Security verification standards
Again, for web and mobile applications, OWASP has published verification standards that are invaluable when securing applications. They aren’t the only ones out there, but they are a fantastic starting point when getting started securing applications.
For web applications, you will want to take a look at the ASVS (Application Security Verification Standard). For mobile applications, you will want to look at the ASVS and the MASVS. The reason I still include the ASVS for mobile in addition to the MASVS is because most mobile apps also rely on web services (ie: APIs) to function properly, so you’ll want to make sure the end-to-end is protected.
These frameworks are critical to:
- Implement effective security controls
- Verify that those security controls are properly implemented
They also provide you with a huge shortcut to getting started, because contributors have put in the months it takes to get something like this created. Not all of it will be relevant to you, but that’s totally fine. Let’s talk about how to approach that in this next section.
Familiarize yourself with Proactive Controls
In the ASVS and MASVS, you’ll notice that some of the requirements reference something called Proactive Controls. For example, for Requirement V1.1.1:
- Verify the use of a secure software development lifecycle that addresses security in all stages of development. (C1)
It is referencing C1, or Proactive Control #1, which is:
- C1: Define Security Requirements
Taking a step back for a moment, OWASP defines the Top 10 Proactive Controls list as being the most important control and control categories that every architect and developer should absolutely, 100% include in every project.
So again, this can help us narrow things down a bit, even within the ASVS/MASVS.
Instead of exploring them in this post, which we do in our Intro to AppSec course, I’ll just briefly mention the implementation part of C1, which is very helpful and important.
As this page mentions, successful use of security requirements involves four steps:
- Discovery and Selection
- Investigation and Documentation
“The point of discovery and selection is to choose a manageable number of security requirements for this release or sprint, and then continue to iterate for each sprint, adding more security functionality over time.”
The point is not to try and implement every requirement at once and in the beginning. That would simply be too much. The point is to slowly and methodically introduce security requirements relevant to your current and anticipated sprints, and then to iterate.
Then, you’ll want to check the current state of your application(s) against those selected requirements, documenting whether development is required for them or not.
If development is required, then that gets added in to your sprint for implementation.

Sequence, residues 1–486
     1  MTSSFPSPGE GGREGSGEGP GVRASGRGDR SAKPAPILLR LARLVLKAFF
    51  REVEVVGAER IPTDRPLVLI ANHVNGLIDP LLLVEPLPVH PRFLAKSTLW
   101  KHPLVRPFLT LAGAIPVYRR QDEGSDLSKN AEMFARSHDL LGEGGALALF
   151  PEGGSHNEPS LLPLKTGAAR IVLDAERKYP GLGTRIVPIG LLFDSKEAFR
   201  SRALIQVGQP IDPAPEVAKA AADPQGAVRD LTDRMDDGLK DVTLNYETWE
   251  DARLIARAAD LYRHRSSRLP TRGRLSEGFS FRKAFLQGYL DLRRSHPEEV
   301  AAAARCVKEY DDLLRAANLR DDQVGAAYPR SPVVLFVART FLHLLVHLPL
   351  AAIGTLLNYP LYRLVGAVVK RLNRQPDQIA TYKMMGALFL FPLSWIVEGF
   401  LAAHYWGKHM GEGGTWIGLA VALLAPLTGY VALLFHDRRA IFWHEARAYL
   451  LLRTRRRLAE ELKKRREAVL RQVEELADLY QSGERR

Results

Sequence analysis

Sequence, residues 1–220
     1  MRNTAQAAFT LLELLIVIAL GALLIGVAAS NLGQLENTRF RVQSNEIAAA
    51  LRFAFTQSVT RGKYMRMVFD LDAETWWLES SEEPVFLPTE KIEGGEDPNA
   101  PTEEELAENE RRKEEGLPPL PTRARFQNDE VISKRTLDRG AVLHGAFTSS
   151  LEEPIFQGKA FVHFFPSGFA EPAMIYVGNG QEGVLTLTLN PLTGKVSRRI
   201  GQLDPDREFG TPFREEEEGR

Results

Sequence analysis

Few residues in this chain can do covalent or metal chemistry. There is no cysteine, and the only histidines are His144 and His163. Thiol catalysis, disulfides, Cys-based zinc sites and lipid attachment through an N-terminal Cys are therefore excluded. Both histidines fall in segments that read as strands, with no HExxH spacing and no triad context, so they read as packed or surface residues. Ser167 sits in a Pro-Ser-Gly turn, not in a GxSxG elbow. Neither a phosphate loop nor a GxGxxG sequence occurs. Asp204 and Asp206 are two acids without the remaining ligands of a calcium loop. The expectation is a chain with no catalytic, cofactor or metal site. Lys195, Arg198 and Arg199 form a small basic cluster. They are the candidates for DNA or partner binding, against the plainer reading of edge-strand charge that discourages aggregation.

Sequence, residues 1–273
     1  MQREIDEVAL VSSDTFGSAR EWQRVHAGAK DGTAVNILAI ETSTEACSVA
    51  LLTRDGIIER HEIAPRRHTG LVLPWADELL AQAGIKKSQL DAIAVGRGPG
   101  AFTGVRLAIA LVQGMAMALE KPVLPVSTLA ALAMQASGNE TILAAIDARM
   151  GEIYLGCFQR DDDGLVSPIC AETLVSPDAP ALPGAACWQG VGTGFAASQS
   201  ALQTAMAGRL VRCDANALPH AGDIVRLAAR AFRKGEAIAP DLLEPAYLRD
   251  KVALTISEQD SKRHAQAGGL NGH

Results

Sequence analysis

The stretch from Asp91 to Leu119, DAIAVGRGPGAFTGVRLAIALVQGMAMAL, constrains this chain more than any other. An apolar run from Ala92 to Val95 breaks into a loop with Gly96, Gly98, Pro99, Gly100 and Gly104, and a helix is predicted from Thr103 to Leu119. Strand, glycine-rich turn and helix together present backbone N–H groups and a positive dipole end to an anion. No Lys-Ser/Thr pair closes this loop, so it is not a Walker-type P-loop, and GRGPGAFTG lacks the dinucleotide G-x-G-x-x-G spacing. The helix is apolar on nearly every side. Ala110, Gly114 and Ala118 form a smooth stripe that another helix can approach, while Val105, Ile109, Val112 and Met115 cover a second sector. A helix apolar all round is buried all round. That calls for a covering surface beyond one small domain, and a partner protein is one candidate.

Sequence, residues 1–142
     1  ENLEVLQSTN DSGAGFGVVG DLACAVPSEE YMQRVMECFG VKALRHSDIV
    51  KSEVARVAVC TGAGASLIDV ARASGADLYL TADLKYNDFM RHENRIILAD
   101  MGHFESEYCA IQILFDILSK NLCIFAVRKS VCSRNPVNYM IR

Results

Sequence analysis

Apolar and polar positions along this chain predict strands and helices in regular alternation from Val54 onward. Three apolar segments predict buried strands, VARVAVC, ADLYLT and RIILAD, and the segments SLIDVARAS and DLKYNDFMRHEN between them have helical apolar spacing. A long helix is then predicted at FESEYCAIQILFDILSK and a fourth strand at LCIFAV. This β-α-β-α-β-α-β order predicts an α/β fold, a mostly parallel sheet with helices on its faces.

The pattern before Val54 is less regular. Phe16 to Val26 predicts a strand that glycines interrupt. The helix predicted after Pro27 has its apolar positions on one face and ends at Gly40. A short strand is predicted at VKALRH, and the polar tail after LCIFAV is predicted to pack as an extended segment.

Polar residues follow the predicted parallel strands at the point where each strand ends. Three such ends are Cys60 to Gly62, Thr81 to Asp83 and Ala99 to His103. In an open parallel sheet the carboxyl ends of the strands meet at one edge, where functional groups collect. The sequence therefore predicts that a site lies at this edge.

Once implemented, you then test to validate the implementation, and finally you document.
Rinse and repeat.
This 1st proactive control is a great way to create the mindset of implementing security from the very beginning of the SDLC instead of after code has already been written.
So by using the Proactive Controls list in addition to the ASVS/MASVS, and the two prior steps from this article, you’ve already got a lot of your work cut out for you.
Step 4: Join and engage in the AppSec community
This can be everything from following someone on Twitter who posts insights, all the way to reading blogs, listening to talks, or (when things go back to normal), going to in-person conferences and networking.
Following AppSec professionals on Twitter can be a great way to see what they share and publish, and to ask questions.
Of course, listening and attending talks can be a great way to stay on top of changes, since this field changes all of the time, and it can help you meet others in the industry you can learn from, which is invaluable.
An example of conferences that would help is the OWASP Chapters. Of course, there are others, and it depends largely on where you live or where you can travel to, so a quick Google search should help out.
Conclusion on getting started securing applications
My hope with this article was to give you a down-to-earth approach and roadmap to getting started securing applications. If you’re planning on joining a large organization, a lot of this will already be part of a set of processes that you have to follow.
But, if you’ve primarily worked at startups/companies with less than 500 employees, chances are that there’s a lot of work left to be done, and not necessarily much guidance to get you through it.
This can be incredibly overwhelming, especially if you don’t have much prior experience dealing with AppSec.
Or perhaps you’re reading this because you’re interested in AppSec as a career, and you’re trying to understand how and where to get started.
Either way, I hope this provided guidance. If you’d like to continue learning more, check out our free Introduction to Application Security(AppSec) course, where we cover these different approaches, techniques, and frameworks, and how to implement them successfully.